Continuation of University of Idaho Scholarship for Service Program
This project continues the successful NSF Scholarship for Service (SFS) program at the University of Idaho (University of Idaho). The University of Idaho SFS program started in 2001. The University of Idaho has been a NSA Center of Academic Excellence in Information Assurance Education (CAE/IAE) since 1999. It was most recently recertified as a CAE in 2005. The University of Idaho Computer Science Department faculty played the lead role in both the CAE distinction and the SFS funding.
The University of Idaho SFS program is somewhat unique in its diversification of degree programs that include Computer Science, Computer Engineering, and Accounting with an emphasis on forensics. By grouping students from all three disciplines into the same labs and seminars the University of Idaho SFS program provides a diversity and synergy that enables participants to appreciate the multifaceted aspects of IA, including perspectives from software, hardware, and auditing. In the past three semesters placement success for internships and full-time job offers has been 100%, indicating a maturation and stabilization of the University of Idaho SFS program. Of the 21 institutions involved in the NSF SFS program, the University of Idaho ranks fourth in terms of productivity and number of security clearances obtained.
Intellectual Merit: University of Idaho SFS scholars have hands-on laboratory experiences with a variety of network configurations including reconfigurable attack-defend scenarios, real-time embedded systems, and Supervisory Control and Data Acquisition (SCADA) systems. Through these laboratories the IA scholars gain the knowledge and insights that enable them to design and implement more secure and survivable systems. Previous SFS funding to the University of Idaho has resulted in six journal articles, 10 Master's theses, and 20 conference papers. To date, 14 SFS scholars have coauthored professional publications.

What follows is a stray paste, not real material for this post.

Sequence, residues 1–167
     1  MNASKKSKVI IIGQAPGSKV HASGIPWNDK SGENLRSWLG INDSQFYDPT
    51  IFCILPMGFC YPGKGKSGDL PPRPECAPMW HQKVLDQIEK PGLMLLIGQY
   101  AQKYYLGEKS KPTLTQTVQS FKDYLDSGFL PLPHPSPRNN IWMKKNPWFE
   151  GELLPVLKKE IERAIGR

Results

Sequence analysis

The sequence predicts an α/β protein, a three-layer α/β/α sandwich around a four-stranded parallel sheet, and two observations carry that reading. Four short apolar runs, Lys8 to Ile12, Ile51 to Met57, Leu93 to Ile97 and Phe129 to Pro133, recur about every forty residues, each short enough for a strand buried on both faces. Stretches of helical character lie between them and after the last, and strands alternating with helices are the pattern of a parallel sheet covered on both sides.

Broader Impact: The broader impact of providing IA training to students in the SFS program is fourfold. First, both large complex IT systems and smaller real-time control systems used in the digital society would be better managed by experienced IA graduates in the event of accidental or deliberate damage. This enables more stable and dependable infrastructures. Second, by better educating our upcoming IA professionals we move closer to a new generation of secure networks and computer systems. By giving them hands-on experience with today's IA tools we can increase the chance that they will develop tomorrow's security technologies. Third, by having a mixture of Computer Science, Computer Engineering and Accounting scholars participating in the SFS program, scholars learn to appreciate the interconnectedness of computer networking, computer devices, audit logging and audit trails. Fourth, this interdisciplinary nature aids in attracting women and minorities to the University of Idaho, an EPSCOR school. The University of Idaho SFS policy of aggressively recruiting students from underrepresented populations (specifically women and minorities) has paid off such that their representation within the SFS participant pool (26%) is more than twice the percentage observed in the department and college.